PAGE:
Understanding Quality of Service
Quality of Service (QoS) refers to the ability of a network to offer an enhanced level of service to certain types of traffic. For example, Voice-over-IP (VoIP) traffic requires lower latency and jitter than web and e-mail traffic. Multapplied SD-WAN can be used to implement almost any type of traffic management strategy.
The following table shows the sensitivity of some common applications to network bandwidth, latency, and jitter.
A network with ideal QoS would give each application the level of service it required, even when more than one application is active on the network. For example, VoIP traffic would receive low-latency, low-jitter service while web browsing traffic receives high-bandwidth service.
One default profile comes pre-installed with Multapplied SD-WAN. This profile offers great performance for most networks. It has four service levels, as follows:
40% of bandwidth is reserved for real-time traffic.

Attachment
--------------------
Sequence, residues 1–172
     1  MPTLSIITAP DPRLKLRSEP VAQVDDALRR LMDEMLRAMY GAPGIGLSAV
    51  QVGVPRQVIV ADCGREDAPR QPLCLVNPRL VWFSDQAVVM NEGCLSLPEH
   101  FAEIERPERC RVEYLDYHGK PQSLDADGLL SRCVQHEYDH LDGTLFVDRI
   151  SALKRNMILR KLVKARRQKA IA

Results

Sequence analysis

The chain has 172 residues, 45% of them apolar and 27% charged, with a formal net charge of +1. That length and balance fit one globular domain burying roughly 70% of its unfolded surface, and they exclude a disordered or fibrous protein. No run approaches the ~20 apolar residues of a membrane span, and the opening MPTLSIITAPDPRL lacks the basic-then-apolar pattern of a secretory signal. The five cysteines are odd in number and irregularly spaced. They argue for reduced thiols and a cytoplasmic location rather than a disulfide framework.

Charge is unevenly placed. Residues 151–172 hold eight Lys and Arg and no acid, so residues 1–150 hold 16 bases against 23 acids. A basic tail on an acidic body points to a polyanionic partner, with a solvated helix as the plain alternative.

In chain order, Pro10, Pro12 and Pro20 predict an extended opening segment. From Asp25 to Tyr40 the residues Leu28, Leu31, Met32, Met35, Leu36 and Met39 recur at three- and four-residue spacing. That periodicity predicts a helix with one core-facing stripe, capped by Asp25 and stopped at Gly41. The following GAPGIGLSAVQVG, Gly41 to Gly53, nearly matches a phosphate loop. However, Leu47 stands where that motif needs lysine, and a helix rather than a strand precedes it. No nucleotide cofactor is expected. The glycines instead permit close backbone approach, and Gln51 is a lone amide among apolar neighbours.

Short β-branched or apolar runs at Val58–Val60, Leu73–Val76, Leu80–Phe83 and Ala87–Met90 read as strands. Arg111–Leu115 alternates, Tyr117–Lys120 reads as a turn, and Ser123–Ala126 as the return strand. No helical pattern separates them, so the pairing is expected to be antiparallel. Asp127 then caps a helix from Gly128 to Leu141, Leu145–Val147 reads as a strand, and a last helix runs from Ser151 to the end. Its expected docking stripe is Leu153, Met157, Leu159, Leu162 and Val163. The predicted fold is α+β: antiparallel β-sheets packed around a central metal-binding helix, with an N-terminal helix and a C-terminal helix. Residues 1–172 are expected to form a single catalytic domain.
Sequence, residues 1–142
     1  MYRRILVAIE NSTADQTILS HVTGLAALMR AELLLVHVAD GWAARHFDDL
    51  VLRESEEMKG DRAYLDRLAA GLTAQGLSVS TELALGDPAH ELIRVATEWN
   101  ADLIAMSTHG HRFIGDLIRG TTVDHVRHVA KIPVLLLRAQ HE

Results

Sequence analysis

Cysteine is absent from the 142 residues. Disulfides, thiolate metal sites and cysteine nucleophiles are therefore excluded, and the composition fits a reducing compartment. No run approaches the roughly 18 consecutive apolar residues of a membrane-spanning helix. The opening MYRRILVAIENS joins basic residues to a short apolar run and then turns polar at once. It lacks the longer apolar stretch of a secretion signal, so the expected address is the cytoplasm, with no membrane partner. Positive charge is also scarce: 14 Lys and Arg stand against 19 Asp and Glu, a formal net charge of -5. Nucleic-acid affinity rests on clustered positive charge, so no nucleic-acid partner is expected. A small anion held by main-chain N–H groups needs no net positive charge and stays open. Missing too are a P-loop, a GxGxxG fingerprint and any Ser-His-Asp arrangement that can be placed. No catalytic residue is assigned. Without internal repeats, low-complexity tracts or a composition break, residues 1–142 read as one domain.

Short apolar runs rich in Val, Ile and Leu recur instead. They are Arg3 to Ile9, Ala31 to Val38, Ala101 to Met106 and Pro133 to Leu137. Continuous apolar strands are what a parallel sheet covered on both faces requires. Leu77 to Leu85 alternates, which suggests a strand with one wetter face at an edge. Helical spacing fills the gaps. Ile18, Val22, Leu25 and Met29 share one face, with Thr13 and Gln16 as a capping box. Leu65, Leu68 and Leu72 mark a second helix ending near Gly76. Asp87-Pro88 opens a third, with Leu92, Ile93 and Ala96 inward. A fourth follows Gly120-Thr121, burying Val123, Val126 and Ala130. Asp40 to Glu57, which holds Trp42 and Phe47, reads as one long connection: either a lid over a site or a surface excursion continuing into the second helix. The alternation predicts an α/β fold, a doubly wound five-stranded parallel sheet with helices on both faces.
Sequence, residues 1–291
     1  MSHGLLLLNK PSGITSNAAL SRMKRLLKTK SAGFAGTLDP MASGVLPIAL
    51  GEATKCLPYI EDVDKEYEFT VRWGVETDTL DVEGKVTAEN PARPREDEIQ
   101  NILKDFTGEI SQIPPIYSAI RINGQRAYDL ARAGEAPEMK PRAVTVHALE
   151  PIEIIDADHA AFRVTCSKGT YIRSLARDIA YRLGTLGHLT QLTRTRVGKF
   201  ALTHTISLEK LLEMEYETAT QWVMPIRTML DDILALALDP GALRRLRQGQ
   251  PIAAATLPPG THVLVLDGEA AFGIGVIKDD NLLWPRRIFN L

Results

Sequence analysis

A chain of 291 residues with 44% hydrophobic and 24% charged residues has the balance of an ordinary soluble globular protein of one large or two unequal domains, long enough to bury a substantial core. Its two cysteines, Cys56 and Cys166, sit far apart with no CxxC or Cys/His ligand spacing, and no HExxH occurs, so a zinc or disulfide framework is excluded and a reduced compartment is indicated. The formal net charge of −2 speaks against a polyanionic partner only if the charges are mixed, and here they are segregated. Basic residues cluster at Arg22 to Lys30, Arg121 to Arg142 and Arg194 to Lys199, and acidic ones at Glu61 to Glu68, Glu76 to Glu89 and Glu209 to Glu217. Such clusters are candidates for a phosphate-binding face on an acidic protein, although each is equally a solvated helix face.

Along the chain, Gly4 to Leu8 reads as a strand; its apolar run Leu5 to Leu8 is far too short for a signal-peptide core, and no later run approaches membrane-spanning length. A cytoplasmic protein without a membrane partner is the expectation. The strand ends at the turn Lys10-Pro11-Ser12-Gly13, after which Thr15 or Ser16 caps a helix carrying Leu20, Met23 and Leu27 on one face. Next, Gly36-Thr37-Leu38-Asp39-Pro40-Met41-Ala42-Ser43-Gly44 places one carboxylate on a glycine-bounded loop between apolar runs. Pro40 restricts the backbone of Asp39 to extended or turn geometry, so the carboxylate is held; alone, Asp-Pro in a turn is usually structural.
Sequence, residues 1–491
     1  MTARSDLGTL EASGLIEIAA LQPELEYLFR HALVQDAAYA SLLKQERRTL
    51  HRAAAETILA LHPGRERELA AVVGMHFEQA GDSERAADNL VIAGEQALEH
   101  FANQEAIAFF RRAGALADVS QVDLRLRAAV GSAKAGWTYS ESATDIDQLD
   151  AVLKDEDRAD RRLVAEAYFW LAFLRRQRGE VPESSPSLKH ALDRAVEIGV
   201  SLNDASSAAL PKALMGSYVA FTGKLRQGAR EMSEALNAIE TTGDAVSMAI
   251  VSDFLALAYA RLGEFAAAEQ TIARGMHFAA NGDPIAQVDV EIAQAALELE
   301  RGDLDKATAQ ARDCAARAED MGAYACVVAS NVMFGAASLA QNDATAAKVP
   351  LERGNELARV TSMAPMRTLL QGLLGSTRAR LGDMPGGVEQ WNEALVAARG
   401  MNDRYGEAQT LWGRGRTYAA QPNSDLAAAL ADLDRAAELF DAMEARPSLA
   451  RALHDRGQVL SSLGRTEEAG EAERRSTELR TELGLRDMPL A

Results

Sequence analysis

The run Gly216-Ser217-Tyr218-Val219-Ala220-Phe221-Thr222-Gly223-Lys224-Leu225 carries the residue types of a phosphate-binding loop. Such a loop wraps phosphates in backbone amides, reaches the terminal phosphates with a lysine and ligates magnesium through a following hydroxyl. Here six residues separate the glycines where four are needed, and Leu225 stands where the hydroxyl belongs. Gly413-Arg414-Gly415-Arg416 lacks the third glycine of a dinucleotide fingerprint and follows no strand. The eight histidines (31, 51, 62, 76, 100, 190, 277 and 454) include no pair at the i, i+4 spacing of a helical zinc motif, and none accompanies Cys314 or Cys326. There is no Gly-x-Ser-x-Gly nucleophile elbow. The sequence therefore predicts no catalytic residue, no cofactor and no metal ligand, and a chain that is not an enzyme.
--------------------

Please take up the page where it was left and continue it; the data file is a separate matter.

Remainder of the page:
The following packets are classified as real-time:
- ICMP packets up to 500 bytes
- Inter-Asterisk eXchange version 2 (IAX2) traffic
- SIP and H.323 control traffic
- Packets with DSCP expedited forwarding requested
This profile will classify VoIP traffic correctly on networks using IAX2 or phones that send traffic with the DSCP expedited forwarding class. On other networks, it may be necessary to identify VoIP traffic using source or destination network matching.
20% of bandwidth is reserved for interactive traffic, classified as follows:
- DNS traffic
- Microsoft RDP traffic
- TCP acknowledgements
- SSH traffic. (To avoid classifying SCP traffic as interactive, SSH is limited to 20 packets per second per connection.)
This is the default class. Packets not matching any filter are classified as routine. 20% of bandwidth is reserved for this traffic.
20% of bandwidth is reserved for bulk traffic, classified as follows.
- FTP traffic On ports 20, 21 only; data traffic on other ports will not be matched.
- HTTP/S traffic part of flows greater than 2 MB